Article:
The Dolphins returned to an old tradition today, once again gathering in front of the Greater Miami Chamber of Commerce, to signal the unoffical start to regular-season kickoff functions. In previous years Dolphins coaches got in front of luncheon attendees and told them the Dolphins were Super Bowl contenders or playoff contenders or just plain had a chance to be special.
What did Joe Philbin tell the business community today?
In part, he made it clear the success or failure his teams is on players rather than coaches.
"Players are 90 percent of the equation, coaches are 10 percent," Philbin said, according to Barry Jackson of The Miami Herald.
It is clear listening to Philbin these past couple of weeks and months, he doesn't think much of schemes or strategies being the difference between champions and chumps. He gives the credit for success on the field to the talent on the field. And, it should be noted, he puts much of the blame for failure on the field to the talent on the field.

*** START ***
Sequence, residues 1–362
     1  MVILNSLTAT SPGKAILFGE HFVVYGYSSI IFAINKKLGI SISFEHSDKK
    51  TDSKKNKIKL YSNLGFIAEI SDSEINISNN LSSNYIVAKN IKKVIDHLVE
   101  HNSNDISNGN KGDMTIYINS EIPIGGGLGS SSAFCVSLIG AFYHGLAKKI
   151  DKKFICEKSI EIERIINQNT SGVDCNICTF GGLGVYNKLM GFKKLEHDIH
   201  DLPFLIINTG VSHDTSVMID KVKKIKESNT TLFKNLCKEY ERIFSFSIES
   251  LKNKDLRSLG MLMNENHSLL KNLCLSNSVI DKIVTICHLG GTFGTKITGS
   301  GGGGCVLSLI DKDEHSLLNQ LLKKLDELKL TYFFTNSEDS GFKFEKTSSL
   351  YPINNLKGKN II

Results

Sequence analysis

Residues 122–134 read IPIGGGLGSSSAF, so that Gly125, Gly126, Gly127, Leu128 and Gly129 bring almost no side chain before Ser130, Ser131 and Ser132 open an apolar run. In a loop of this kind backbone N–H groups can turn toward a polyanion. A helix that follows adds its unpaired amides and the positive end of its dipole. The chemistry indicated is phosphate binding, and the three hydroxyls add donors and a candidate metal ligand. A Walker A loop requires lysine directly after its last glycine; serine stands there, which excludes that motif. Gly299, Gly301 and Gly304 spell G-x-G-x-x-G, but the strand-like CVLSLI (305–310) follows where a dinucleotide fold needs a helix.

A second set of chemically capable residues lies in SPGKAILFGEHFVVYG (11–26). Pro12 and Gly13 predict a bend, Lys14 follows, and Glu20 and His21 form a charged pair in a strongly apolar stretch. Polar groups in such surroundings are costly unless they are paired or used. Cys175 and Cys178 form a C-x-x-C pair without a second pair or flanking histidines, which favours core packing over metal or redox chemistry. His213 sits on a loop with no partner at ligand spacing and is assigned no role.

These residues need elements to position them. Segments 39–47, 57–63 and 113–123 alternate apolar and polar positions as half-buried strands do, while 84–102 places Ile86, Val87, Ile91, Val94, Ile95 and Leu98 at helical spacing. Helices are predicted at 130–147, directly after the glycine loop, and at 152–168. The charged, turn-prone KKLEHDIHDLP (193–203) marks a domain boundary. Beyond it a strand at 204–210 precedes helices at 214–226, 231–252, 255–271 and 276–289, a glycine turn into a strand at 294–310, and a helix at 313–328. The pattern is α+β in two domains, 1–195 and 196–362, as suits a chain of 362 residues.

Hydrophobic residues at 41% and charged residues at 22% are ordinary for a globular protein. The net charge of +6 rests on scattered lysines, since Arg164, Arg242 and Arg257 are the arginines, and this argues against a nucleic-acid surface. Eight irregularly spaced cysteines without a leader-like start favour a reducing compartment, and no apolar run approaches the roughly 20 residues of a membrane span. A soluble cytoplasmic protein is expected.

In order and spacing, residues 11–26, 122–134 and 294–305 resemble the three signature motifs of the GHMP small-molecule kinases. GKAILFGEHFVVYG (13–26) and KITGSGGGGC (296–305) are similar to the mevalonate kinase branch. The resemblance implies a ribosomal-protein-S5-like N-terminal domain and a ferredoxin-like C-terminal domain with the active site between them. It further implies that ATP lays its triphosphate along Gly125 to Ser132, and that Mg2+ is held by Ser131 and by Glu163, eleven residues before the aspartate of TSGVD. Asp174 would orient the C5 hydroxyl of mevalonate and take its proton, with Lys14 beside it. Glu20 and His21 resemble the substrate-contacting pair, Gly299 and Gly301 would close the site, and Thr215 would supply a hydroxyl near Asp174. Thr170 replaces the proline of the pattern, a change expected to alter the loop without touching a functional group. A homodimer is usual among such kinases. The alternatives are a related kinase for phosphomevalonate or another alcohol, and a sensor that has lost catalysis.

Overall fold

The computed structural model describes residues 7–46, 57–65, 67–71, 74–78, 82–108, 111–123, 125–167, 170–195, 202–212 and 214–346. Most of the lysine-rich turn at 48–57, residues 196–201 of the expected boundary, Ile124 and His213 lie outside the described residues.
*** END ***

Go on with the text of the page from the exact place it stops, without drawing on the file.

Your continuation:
This is an interesting view of things only because the reason Philbin is Miami's coach today is because Dolphins ownership and, to a large degree the personnel department, believed the Dolphins were a sufficiently talented team that needed only minor tweaking and improving. Ownership and the personnel department saw this team as one that could take a new step forward if a better coach milked the grand potential out of the roster.
In other words, the folks that hired Philbin believed a coaching change would drastically improve Miami's results.
Yet Philbin seems to think a coach can only determine 10 percent of a team's fortunes.
Neither view is wrong. But it does give pause that the views are so opposing.